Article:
One minor victim of this positive action may be the World of Rubber Museum, now based in Goodyear Hall, across the street from the current headquarters building. It's a bit dated and a little kitschy but, for car nuts, it's a hidden gem. Where else can you find a re-creation of Charles Goodyear's lab, an Indy car and moon vehilce tire all in the same spot?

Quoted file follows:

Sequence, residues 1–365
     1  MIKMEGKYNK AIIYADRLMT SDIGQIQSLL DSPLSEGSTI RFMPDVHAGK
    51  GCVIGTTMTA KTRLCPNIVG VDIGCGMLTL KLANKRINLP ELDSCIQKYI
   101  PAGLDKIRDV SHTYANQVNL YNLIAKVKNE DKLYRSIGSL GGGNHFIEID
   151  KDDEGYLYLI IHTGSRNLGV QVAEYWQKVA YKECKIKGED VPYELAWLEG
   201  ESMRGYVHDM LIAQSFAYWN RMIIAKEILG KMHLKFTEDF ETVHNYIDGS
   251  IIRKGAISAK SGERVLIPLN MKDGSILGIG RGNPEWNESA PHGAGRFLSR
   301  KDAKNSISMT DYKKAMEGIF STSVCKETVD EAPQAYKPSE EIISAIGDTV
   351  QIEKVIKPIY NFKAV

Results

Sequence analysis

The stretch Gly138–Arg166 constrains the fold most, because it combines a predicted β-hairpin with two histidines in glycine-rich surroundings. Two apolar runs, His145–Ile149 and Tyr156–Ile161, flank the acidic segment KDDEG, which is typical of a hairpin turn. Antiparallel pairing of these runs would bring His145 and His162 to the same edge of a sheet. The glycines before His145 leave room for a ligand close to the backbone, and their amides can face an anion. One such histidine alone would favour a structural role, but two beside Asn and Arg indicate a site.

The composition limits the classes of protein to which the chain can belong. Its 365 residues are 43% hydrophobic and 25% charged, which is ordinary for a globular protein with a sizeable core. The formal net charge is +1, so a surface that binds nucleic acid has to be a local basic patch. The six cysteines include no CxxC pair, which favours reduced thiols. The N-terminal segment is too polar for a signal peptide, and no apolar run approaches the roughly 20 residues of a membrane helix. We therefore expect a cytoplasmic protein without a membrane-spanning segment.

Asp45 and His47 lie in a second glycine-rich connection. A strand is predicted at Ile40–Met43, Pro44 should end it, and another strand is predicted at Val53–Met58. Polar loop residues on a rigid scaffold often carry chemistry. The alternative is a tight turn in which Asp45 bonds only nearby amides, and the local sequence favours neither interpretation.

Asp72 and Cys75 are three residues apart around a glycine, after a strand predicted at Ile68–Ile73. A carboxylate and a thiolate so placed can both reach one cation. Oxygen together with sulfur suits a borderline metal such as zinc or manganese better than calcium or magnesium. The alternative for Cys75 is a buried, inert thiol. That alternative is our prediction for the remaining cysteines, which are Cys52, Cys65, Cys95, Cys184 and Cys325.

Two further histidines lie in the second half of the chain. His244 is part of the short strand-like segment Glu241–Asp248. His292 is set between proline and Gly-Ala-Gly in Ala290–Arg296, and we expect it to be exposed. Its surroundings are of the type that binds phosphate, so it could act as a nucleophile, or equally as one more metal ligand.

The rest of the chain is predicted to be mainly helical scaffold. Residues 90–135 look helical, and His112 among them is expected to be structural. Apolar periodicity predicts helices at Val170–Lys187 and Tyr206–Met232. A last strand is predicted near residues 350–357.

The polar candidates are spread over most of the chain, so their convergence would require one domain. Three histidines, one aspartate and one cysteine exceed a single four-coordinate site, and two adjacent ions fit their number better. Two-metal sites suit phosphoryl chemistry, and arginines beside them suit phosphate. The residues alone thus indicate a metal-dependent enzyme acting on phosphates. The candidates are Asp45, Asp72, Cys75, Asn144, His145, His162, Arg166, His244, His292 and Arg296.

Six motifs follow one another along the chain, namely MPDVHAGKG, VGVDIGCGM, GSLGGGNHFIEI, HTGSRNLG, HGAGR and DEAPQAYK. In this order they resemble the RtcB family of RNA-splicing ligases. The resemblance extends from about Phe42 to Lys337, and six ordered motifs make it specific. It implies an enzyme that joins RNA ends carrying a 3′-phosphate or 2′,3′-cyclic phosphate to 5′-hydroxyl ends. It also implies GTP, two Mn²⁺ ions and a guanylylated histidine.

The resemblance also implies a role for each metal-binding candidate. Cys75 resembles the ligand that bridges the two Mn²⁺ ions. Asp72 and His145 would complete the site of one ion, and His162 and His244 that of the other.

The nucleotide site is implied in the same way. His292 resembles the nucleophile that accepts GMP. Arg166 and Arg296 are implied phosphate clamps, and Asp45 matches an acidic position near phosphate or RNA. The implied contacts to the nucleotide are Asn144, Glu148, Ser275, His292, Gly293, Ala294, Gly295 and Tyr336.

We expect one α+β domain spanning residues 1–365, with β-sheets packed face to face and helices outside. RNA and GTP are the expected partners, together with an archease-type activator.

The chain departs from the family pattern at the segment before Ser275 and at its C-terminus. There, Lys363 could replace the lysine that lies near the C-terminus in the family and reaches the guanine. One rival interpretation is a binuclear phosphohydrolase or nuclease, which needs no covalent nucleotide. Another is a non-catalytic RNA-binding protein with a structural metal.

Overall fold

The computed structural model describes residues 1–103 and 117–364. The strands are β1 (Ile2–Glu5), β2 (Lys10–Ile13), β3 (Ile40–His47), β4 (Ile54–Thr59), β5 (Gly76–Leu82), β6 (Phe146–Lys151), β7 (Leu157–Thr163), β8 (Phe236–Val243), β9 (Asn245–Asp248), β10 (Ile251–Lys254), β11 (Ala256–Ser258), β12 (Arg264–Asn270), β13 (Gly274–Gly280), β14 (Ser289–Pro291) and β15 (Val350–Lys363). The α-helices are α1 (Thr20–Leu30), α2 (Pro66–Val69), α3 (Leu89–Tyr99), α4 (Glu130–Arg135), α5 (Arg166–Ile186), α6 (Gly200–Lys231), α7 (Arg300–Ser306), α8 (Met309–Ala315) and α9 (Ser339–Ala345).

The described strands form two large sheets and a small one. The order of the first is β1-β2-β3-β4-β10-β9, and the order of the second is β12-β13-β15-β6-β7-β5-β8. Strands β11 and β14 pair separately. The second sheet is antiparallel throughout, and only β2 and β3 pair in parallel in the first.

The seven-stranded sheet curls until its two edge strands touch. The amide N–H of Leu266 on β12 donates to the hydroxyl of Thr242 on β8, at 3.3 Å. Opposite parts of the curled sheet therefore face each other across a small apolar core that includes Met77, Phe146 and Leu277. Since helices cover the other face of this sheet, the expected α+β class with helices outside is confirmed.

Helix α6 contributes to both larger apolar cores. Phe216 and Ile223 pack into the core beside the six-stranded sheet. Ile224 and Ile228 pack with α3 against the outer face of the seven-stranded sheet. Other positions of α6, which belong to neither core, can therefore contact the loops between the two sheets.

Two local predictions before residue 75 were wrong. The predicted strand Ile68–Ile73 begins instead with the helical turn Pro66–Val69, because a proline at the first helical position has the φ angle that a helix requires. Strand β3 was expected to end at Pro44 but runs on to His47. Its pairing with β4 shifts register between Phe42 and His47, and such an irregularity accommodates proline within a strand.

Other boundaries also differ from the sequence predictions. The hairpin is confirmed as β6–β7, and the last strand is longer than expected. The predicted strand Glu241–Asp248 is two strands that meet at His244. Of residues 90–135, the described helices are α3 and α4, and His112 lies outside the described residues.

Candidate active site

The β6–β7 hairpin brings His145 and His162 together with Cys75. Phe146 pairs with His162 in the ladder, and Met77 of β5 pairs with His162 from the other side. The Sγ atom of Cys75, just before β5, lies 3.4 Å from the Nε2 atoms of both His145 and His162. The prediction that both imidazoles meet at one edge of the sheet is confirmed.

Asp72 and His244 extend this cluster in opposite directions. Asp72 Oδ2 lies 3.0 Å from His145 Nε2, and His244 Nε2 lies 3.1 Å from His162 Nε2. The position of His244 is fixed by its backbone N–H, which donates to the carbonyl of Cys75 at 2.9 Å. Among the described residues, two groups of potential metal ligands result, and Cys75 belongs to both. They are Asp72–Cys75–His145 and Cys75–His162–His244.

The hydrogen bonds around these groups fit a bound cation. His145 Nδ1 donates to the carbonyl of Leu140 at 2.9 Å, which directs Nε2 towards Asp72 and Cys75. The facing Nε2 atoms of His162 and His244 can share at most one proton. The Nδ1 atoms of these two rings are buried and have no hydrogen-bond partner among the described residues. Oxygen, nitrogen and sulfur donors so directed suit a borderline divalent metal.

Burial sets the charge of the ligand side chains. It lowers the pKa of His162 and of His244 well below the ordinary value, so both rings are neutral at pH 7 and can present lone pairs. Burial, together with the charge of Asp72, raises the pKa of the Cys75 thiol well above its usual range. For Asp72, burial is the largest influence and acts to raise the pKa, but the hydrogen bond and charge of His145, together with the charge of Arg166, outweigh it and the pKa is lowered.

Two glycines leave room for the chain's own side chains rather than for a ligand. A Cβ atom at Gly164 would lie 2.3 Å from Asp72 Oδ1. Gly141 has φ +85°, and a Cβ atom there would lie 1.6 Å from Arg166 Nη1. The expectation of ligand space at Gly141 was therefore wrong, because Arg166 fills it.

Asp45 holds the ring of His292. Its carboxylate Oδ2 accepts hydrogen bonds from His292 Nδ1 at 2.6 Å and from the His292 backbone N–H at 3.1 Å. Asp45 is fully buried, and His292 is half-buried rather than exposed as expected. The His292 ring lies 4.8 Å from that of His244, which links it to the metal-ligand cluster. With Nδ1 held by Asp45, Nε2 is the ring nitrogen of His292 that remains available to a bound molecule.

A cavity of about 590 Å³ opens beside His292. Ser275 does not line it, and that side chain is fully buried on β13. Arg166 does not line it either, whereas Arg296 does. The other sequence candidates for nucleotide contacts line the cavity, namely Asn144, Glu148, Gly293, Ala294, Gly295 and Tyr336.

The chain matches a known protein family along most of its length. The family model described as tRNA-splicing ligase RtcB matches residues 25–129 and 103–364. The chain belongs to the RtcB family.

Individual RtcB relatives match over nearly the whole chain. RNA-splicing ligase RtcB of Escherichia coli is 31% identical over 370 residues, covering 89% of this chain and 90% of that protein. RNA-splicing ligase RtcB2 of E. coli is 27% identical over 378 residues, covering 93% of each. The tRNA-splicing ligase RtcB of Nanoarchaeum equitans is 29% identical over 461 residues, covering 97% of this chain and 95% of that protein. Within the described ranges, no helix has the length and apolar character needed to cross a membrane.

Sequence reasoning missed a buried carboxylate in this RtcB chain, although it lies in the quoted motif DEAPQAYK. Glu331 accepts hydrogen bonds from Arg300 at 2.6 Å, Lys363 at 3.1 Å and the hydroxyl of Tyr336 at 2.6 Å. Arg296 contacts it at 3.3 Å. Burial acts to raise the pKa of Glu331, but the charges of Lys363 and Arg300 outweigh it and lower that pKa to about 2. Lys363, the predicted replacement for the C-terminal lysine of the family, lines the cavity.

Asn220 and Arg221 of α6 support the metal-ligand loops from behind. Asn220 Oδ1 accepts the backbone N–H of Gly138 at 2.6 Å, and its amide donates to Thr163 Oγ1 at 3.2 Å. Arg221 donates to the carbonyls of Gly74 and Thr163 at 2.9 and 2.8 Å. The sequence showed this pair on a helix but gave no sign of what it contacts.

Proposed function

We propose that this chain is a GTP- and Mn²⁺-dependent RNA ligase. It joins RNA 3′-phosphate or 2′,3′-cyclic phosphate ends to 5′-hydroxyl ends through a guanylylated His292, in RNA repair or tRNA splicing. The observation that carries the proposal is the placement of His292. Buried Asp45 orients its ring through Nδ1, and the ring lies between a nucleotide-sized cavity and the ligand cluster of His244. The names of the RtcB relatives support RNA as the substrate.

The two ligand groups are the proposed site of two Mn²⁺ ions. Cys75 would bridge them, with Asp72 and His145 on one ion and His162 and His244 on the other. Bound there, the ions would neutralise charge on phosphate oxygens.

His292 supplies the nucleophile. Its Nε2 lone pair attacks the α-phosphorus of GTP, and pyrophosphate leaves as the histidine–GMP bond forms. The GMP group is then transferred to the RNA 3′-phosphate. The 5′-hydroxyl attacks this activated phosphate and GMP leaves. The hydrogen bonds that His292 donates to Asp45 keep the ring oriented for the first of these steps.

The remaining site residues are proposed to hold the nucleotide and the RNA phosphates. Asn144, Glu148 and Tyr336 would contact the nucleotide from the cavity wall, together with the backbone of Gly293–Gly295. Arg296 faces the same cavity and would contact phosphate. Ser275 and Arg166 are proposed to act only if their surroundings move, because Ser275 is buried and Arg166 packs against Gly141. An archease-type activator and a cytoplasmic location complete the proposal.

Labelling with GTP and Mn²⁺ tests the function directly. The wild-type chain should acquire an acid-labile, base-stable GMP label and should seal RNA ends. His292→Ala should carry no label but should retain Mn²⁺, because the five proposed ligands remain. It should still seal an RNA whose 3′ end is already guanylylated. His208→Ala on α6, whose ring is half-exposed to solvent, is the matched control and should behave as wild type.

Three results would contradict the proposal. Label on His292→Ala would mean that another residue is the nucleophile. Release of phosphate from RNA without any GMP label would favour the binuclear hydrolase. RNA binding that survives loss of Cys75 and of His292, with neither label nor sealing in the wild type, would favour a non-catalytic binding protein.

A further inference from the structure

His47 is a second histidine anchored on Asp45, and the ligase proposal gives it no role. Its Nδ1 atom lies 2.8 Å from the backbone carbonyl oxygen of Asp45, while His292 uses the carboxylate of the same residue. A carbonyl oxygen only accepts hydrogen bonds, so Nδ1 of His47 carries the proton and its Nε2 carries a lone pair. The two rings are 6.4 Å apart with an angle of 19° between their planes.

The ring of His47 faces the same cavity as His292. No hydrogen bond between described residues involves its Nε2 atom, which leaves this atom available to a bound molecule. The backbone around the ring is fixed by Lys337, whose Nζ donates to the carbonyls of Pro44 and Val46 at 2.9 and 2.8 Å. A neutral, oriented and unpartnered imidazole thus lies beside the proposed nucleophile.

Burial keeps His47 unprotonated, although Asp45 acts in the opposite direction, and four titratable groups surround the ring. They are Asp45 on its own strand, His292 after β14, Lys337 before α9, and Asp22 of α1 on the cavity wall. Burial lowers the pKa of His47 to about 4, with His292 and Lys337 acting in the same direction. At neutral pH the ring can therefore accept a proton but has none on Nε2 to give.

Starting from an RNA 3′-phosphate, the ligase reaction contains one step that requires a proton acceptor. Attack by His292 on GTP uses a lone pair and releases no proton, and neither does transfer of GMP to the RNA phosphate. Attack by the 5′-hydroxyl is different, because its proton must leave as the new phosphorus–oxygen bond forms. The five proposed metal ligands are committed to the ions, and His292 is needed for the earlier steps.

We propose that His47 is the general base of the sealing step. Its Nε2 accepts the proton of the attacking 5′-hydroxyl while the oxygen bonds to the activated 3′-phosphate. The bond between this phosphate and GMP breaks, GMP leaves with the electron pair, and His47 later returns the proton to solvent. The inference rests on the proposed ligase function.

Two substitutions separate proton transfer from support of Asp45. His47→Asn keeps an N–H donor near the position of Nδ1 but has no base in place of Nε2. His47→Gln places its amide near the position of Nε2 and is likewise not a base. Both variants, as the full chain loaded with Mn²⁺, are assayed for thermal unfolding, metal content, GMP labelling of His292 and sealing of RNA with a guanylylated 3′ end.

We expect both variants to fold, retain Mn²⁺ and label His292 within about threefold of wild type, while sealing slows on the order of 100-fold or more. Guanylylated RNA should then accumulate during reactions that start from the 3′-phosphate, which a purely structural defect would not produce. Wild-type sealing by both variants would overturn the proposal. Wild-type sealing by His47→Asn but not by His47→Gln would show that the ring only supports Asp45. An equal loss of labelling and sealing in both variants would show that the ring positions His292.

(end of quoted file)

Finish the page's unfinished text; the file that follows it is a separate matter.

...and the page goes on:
Despite this weekend's crazy weather, Sunday's Glenmoor Gathering was a true automotive spectacle. Yes, there were a few cars that were no-shows due to the forecast but remarkably, all of the truly great cars were there. What looked like a record number of attendees were treated to beautiful, sunny weather and an array of amazing cars that have never before been seen in Northeast Ohio. Many one-off automobiles such as the Ruxton "Alligator", Jordan Z Speedway Ace and Paxton Phoenix were on display. Amazing original unrestored cars like a fabric-bodied 1928 Minerva and 1914 Regal Underslung were truly a view into the past. At the other end of the spectrum, a wild display of modern day supercars, highlighted by a Saleen S7 Twin Turbo and a 1001 horsepower, sixteen cylinder Bugatti Veyron made this an event which should not be missed by any auto enthusiast. GM's new Cadillac Sixteen prototype was also on display. I'm not sure of the date for next year's event but I'll find out and publish it. You really need to be there next year. In the meantime enjoy this gallery from this year's event.